The Government must do more to prioritise economic crime and explain why legislation is being delayed, according to an influential group of MPs.
The Treasury Select Committee said in a fresh report that ministers should consider creating a new government department that oversees all economic crime, along with a new law enforcement agency to avoid confusion.
MPs also called for an overhaul of Companies House and to increase the cost to register a business from £12 or £13 currently to £100 in an attempt to deter criminals from setting up hundreds of shell firms.
The report looking at the Government’s proposed Economic Crime Bill said politicians on the committee were unhappy at the lack of progress and shared the views of former minister Lord Agnew, who resigned from the Government last month.
The former joint Treasury and Cabinet Office minister for efficiency and transformation quit dramatically in the House of Lords a week ago, calling delays “foolish”.
Committee chairman Mel Stride told the PA news agency the Government must explain itself.
He said: “One of the major reasons he (Lord Agnew) resigned is because the Economic Crime Bill is not going forward to the next Queen’s Speech.
“What the committee is saying on that is that the Government needs to identify or provide us with the details of what legislation do they think is required across this whole area of economic crime and what powers are already on the statute book.”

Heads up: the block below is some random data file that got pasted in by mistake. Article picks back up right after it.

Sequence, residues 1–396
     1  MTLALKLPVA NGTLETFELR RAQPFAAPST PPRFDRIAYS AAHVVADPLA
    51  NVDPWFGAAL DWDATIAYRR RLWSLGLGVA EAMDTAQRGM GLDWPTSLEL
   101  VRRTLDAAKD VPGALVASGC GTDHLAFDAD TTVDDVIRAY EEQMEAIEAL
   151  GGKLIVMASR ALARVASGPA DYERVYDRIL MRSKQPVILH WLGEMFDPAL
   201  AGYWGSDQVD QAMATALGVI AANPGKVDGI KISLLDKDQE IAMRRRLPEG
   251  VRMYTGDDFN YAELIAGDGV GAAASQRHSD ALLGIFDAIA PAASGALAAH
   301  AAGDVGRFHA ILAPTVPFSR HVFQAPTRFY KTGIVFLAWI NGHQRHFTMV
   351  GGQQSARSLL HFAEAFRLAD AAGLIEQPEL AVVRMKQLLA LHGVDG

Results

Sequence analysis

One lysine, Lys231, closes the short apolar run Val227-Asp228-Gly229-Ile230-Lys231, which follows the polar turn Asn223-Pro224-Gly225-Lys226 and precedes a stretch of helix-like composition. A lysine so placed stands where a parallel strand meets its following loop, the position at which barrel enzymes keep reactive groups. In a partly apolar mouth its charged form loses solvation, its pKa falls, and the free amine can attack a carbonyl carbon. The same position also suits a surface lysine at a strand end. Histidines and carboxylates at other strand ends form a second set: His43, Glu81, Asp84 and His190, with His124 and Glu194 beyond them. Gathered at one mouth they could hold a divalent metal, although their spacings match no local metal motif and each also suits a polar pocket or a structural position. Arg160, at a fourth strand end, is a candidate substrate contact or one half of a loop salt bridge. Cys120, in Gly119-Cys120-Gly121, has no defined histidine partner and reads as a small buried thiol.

The committee suggested the Government “should consider whether policy responsibility should be centralised in a single government department”.
It added: “Economic crime seems not to be a priority for law enforcement. The number of agencies responsible for fighting economic crime and fraud is bewildering.
“Each of the enforcement agencies has other crime-fighting or regulatory objectives, and the Government needs to consider whether there should be a single law enforcement agency with clear responsibilities and objectives to fight economic crime.
“The Government must ensure that law enforcement agencies are appropriately resourced to tackle the scale of the problem.”
Mr Stride added: “There’s a resourcing question. The police spend about 1% of their resource on a crime level that is about 30% of all crime that is fraud related, so you’ve got an imbalance.
“There are things that need to be done in certain areas that are being delayed and taking too long to bring in.”
On Companies House, the committee said the UK charges fees well below the average for other European countries and that it should consider raising them to around £100.
Currently, anyone can set up a business in the UK for just £12, or a limited liability partnership for £13.
But MPs warn this could breed fraud and should be changed with legislation because current funding rules state Companies House can only charge enough money to cover its costs.
The committee said raising it to £100 would not deter entrepreneurs and could raise £80 million, which could be used to fight fraud.
The report also said the Government should include measures in the Online Safety Bill to prevent fraud and put pressure on tech giants to crack down on fake adverts.